Americans connect with government at the library – so fix the Federal Depository Library Program

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This week, nearly 500 librarians and library advocates from across the United States are visiting Capitol Hill as part of National Library Legislative Day. They will meet with their elected officials to discuss issues that enable libraries to serve their communities, from broadband access to balanced copyright laws to federal funding.

Here in the capitol, events like this happen every day, so we may not recognize how truly remarkable they are. Even in a swipe-right age, millions of Americans engage in the indispensable work of our republic. For many people, that journey passes through a familiar institution: their local library.

{mosads}Libraries help the public access all kinds of information, including information about government and politics. You are likely to find voter registration forms, often with volunteers from a local civic organization encouraging people to fill them out. In libraries that offer meeting space to the public, you may find a legislator’s town hall meeting or members of a local political club. You will find people using the free Wi-Fi or computers that libraries provide to read about the political issues of the day and sharing their views on social media.

Another way that libraries provide information about the government is by partnering directly with government agencies. One such partnership is the Federal Depository Library Program (FDLP), a federal program administered by the U.S. Government Publishing Office (GPO). More than 1,100 libraries across the United States participate in the program, which dates back to 1895.

The FDLP collects laws, regulations, and other publications by federal agencies that the public may be interested in. The program catalogs these publications to make them easier to find and provides them to participating libraries, whether online or in print. FDLP libraries then provide the information to businesses, the legal system, researchers, and the general public – at no cost to the users. For instance, a business might seek help finding a rule in the Code of Federal Regulations to understand their compliance obligations; a lawyer might review the Congressional Record to learn about the intent of a statute; or a historian might review the Public Papers of the president to study how different administrations approached an issue.

The FDLP contributes to the everyday labors of democracy by advancing citizen engagement and facilitating government transparency. However, much of the law behind the FDLP has not been updated since the 1960s – and it’s showing its age. Because the practices of libraries, government publishers, and information seekers has changed, the FDLP must change to keep up.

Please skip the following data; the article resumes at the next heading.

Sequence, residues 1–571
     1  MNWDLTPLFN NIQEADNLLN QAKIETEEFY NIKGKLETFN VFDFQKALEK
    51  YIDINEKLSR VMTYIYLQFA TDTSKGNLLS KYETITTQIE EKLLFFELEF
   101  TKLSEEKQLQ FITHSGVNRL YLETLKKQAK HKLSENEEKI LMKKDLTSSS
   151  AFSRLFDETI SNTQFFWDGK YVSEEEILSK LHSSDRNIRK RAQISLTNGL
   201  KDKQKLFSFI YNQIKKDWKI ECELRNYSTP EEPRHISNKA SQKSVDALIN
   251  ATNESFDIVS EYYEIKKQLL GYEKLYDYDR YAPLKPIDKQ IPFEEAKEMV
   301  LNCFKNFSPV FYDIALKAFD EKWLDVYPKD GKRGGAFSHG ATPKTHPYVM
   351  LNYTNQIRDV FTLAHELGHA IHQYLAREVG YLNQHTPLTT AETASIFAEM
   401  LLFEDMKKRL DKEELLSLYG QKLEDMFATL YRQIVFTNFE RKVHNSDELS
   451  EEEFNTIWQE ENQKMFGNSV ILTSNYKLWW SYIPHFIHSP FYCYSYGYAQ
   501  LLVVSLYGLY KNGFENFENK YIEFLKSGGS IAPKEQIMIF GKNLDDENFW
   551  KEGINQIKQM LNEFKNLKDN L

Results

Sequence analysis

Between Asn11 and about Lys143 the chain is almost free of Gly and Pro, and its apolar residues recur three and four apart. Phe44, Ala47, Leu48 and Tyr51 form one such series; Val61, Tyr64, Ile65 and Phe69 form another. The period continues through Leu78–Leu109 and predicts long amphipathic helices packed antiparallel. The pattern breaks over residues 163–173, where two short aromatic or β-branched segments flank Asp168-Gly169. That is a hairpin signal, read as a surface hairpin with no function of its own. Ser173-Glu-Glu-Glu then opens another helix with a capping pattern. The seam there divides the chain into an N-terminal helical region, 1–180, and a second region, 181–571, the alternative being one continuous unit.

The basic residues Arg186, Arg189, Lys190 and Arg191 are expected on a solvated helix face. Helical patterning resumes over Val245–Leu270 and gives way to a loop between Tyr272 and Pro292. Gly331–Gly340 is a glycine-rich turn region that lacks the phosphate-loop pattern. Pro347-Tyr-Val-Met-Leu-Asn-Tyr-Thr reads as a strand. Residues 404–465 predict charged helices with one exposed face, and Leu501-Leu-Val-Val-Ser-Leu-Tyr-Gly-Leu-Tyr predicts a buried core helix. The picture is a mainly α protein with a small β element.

Today, Congress is looking at how to update the program to meet today’s needs. In 2017, the Committee on House Administration held a series of hearings to review the program and received testimony from librarians, the GPO, and information policy experts. All affirmed the program’s importance and ongoing benefit to the public, and all agreed that the law on the books doesn’t meet the information needs of the digital age.

Following those hearings, committee members introduced bipartisan legislation to update and strengthen the FDLP. Led by Chairman Gregg Harper (R-Miss.) and Ranking Member Bob Brady (D-Pa.), the committee members introduced the FDLP Modernization Act (H.R. 5305) in March 2018 and held a markup in April.

The bill’s commonsense fixes would remove outdated program rules such as requiring participating libraries to hold a specific minimum number of books in their collections, an anachronism in 2018 when library services range from online databases to 3D printing. In addition, the bill would bring the law in line with today’s electronic publishing practices and create new partnerships to safeguard invaluable documents of our nation’s history.

While this program may not be well-known, its footprint in communities across America makes the FDLP a vital tool for helping the public connect with their government, its laws and democratic processes. Libraries take pride in this work. We are grateful that Congress has taken the first bipartisan steps toward modernizing this program, and we are hopeful that, this year, Congress will get the job done.

Jim Neal is president of the American Library Association and University Librarian Emeritus at Columbia University. Follow him @jamesneal

Tags Bob Brady Gregg Harper

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